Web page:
Ms. Klous shared with our students her own humble beginnings and lack of resources as a child. She indicated that it was a high school teacher that encouraged her to pursue her dreams and apply to college. She thanked the SMA faculty for believing and supporting our students as they prepare for college and life beyond high school. She encouraged the Belles to believe in themselves and reinforced to them that they can become whoever they want to be. They just need to work hard to achieve their dreams!
This wonderful gift occurred during #CatholicSchoolsWeek. The day’s theme “Celebrating Your Students” was a wonderful tribute to show our Belles how much they are appreciated by the SMA community.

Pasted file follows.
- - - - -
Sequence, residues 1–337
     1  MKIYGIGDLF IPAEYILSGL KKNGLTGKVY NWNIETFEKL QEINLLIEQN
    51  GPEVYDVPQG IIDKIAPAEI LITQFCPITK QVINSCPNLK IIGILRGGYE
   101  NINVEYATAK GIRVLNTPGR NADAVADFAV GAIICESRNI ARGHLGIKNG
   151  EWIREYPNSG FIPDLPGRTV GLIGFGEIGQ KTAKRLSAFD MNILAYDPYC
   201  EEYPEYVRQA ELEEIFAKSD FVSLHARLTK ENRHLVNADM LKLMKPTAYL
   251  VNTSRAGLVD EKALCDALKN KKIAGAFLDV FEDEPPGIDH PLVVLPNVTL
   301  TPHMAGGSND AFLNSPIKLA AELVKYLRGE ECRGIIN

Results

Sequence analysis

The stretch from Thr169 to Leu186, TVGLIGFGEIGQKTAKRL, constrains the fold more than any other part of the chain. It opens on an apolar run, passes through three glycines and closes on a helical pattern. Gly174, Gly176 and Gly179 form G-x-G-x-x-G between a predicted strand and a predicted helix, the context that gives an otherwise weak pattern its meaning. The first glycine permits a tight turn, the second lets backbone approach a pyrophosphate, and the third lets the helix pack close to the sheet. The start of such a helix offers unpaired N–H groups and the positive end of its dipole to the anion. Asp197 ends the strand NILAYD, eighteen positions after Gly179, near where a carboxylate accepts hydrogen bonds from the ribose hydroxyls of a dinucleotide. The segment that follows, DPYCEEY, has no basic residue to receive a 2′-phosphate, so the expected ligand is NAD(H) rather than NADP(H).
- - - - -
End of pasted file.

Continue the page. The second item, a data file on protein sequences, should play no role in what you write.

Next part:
Upon returning to school, the students reflected on the movie during their homeroom class. Below are some of their responses.
St. Mary’s Academy, a Catholic, private, college preparatory high school for young women, founded by the Sister of St. Joseph of Carondelet, shapes women of distinction who are committed to lifelong learning and service to the “dear neighbor”.